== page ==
Yesterday, the Supreme Court announced that it has agreed to decide an issue that has had the Courts of Appeals tied up in knots: whether decisions issued by only two members of the National Labor Relations Board (which has five members at full strength) are valid. (The case the Court will decide is called New Process Steel v. National Labor Relations Board; you can find the petition for certiorari -- the brief lawyers must file arguing that the Supreme Court should hear the case -- here.)
The National Labor Relations Board, or NLRB, has had only two members since the end of 2007. President Obama has nominated three new members, who are awaiting a floor vote in the Senate. Meanwhile, the two members of the NLRB have issued hundreds of decisions in representation and unfair labor practices cases. And, now that the Supreme Court has agreed to decide whether two members may act for the NLRB, the outcome of all of those cases may once again be in doubt.
The case turns on the NLRB's authority to delegate its powers to a smaller group, and how large that smaller group must be. The National Labor Relations Act, which created the NLRB, allows the full Board to delegate any of its powers to a group of at least three members (a quorum). The Act also says that two members may constitute a quorum on issues that the full Board delegates to a three-member group. For those of us who skipped the student council and model U.N. meetings, all this talk of delegations and quorums can numb the brain. But the issue boils down to this: Can the NLRB act with only two members or does it need at least three? Or, as the petition for certiorari put it more dramatically, "Does the NLRB exist?"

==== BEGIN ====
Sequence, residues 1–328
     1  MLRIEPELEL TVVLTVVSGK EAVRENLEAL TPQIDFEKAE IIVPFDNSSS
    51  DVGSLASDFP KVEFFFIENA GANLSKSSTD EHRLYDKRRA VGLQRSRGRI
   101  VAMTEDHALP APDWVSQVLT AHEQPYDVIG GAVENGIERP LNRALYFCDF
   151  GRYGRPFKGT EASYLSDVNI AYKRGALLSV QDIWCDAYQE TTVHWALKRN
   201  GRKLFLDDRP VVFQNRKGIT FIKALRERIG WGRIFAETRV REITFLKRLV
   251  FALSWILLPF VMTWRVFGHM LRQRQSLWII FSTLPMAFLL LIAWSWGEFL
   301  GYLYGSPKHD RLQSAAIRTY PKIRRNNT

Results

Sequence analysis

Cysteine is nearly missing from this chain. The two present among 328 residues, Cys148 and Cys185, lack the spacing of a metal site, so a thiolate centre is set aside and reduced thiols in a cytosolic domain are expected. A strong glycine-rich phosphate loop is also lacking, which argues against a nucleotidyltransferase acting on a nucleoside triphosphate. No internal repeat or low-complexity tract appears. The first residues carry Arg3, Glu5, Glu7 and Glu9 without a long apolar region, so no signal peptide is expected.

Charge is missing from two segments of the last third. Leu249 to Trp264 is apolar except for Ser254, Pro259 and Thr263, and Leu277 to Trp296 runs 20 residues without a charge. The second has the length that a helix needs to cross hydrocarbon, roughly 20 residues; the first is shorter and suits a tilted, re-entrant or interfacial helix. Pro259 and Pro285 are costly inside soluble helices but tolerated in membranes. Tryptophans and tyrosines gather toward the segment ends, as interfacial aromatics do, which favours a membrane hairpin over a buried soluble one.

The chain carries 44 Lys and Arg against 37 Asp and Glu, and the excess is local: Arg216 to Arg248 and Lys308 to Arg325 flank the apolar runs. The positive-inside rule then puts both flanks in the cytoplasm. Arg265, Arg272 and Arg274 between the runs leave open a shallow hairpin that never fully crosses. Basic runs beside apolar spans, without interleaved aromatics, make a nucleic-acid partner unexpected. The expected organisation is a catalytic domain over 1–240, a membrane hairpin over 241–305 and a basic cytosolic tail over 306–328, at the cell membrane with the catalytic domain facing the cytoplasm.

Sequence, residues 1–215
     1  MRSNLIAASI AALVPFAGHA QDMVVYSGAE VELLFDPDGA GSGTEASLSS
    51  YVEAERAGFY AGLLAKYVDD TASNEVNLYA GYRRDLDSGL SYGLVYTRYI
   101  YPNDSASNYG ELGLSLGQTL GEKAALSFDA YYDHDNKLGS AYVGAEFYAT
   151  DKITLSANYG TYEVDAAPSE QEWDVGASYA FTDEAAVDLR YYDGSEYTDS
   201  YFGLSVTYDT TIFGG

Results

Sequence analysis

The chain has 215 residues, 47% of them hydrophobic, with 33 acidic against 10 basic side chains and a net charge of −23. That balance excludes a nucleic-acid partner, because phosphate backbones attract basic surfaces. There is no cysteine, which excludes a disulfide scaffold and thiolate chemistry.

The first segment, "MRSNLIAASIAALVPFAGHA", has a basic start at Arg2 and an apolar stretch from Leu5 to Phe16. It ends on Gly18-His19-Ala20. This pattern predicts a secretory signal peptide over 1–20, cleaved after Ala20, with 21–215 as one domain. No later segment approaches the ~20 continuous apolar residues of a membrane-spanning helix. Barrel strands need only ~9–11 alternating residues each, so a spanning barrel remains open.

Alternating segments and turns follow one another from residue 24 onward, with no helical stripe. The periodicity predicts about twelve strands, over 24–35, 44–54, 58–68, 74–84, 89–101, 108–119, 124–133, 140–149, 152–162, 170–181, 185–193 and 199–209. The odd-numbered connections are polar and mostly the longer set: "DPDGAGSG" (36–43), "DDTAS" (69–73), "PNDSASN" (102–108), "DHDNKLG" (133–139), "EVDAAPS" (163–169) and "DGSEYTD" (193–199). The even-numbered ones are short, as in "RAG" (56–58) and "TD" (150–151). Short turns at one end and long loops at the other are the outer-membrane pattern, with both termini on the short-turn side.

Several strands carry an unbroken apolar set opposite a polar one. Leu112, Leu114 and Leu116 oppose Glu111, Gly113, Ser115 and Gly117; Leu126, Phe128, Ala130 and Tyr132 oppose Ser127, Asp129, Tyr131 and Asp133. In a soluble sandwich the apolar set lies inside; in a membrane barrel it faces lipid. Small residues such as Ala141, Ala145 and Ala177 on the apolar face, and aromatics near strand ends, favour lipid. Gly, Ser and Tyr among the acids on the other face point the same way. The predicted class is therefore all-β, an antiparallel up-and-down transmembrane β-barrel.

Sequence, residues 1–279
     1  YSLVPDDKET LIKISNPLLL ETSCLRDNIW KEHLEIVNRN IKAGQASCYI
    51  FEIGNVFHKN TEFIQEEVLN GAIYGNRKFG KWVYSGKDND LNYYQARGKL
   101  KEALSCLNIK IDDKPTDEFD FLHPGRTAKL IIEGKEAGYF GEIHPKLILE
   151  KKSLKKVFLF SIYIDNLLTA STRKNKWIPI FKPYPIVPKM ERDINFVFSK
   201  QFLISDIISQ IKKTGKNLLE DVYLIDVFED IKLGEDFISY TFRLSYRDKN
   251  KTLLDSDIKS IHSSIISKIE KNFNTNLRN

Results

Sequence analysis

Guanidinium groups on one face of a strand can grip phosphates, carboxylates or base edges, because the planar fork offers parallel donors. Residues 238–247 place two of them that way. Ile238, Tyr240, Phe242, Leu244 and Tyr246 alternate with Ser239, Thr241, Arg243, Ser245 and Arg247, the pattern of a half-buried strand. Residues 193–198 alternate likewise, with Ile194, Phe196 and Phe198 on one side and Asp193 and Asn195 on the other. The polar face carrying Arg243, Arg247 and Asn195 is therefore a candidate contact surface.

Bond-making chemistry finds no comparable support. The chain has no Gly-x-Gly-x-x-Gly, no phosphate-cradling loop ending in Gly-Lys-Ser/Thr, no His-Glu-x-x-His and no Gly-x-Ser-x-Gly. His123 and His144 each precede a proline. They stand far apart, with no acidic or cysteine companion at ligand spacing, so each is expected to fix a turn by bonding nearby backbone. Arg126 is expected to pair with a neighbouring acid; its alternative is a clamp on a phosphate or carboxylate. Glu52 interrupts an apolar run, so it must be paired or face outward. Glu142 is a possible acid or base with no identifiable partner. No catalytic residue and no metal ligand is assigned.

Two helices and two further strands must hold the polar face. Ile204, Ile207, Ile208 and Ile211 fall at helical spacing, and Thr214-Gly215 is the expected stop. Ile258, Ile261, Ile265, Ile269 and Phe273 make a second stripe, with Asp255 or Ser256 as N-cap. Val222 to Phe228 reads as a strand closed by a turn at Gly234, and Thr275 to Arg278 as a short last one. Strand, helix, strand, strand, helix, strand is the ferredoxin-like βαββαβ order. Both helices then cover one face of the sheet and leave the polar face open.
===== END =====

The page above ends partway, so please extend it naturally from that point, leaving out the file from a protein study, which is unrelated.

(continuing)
The federal Courts of Appeal have split on the issue. In fact, the Seventh Circuit Court of Appeals and the D.C. Circuit issued decisions on the same day, reaching opposite conclusions. The NLRB should be back at full strength by the end of this year, but the Supreme Court's decision will determine whether almost two years worth of NLRB cases should be upheld or thrown out. There's a lot at stake, in other words.